To blame "income inequality" and all the rest of the world's ills on "unchecked capitalism" that hasn't existed in most people's lifetimes just plain fails on every front, given the ever increasing interference, meddling and "regulation" of industry and economy by the government, especially as "income inequality" has largely only worsened ever since the government started meddling more and more with the economy, introducing more and more regulation, giving unions patently anti-liberty powers they should never have to fulfill a purpose that shouldn't even be necessary, and in return, businesses use the regulation and legal process to bring about ever more and more laws that are patently anti-capitalist in order to protect them from competition and to game the economy.
The failure of this analysis becomes only more evident when you consider the fact that when you compare America - arguably the closest thing to "unrestricted capitalism" you'll find among First World nations today, regardless of how far it is from being completely true - to the rest of the world, our "income inequality" gap is as narrow - or narrower - here than almost anywhere else on the planet, and certainly among nations with a population exceeding 20 million.
What, does Piketty think that there was no "income inequality" anywhere else in the world, prior to the existence of Capitalism as we know it today? That it is somehow worse today than it was in the 18th century? That there's no "income inequality" in nations with heavily "managed" (i.e., meddled-with) economies? That all government will always work towards the betterment of "the people" by default, more so than private industry will?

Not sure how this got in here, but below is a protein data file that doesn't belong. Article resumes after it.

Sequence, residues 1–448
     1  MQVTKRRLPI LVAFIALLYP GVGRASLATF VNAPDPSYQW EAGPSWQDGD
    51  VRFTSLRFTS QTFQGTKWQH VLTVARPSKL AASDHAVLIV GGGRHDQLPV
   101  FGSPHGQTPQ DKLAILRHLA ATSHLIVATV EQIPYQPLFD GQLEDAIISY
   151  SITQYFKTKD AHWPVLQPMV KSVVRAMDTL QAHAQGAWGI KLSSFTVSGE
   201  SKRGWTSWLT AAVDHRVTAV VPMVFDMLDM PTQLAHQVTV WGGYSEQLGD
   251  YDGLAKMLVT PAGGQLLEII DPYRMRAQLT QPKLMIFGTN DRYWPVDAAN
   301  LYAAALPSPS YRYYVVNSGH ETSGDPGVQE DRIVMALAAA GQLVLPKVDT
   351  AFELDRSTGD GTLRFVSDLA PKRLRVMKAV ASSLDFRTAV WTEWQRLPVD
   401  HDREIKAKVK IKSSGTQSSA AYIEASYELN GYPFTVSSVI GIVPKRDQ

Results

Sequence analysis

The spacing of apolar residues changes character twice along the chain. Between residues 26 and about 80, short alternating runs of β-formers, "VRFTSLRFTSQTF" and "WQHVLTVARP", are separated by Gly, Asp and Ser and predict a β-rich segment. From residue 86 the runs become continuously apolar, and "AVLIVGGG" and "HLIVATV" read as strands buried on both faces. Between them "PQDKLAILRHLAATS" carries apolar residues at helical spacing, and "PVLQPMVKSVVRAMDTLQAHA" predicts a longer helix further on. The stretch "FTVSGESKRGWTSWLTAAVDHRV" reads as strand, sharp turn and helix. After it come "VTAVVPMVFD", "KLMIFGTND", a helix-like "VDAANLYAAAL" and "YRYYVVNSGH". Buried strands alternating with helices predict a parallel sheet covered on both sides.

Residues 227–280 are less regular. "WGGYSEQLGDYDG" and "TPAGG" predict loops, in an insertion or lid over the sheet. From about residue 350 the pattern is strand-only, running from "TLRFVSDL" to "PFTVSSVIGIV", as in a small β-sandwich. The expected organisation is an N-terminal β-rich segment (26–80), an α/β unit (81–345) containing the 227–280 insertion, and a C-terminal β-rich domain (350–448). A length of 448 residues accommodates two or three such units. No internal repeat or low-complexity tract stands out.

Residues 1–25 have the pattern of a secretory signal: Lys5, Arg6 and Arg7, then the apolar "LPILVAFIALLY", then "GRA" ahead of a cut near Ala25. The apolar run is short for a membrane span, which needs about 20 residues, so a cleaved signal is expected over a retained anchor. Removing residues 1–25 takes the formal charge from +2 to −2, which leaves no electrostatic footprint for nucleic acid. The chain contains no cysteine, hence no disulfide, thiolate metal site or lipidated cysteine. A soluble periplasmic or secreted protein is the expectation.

Sorry, but Piketty's analysis is just plain flawed on too many levels to be worth taking seriously, as it is premised entirely on the falsehood that "unrestricted capitalism" has ever even existed recently enough in this country - or anywhere else in the world - recently enough to be a cause of income inequality, when it is readily shown that the ever-increasing regulations imposed by government have led to ever increasing meddling by that government in the operation of business, paving the way for other businesses to then abuse the political process to create ever more anti-capitalist laws and regulations, and that a great deal of that very same regulation, taxation, and interference is very often itself a factor in income inequality.
In a truly "unrestricted, free-market capitalist" economy, under a strong, just and ethical system of reasonable laws based on liberty and freedom that are equally enforced regardless of wealth, influence or social station, the only restriction on wealth and income (aside, perhaps, from physical/mental health) is one's own industry and willingness to work, learn, and create industry where none exists.
"The policy of the American government is to leave their citizens free, neither restraining nor aiding them in their pursuits."
--Thomas Jefferson to M. L'Hommande, 1787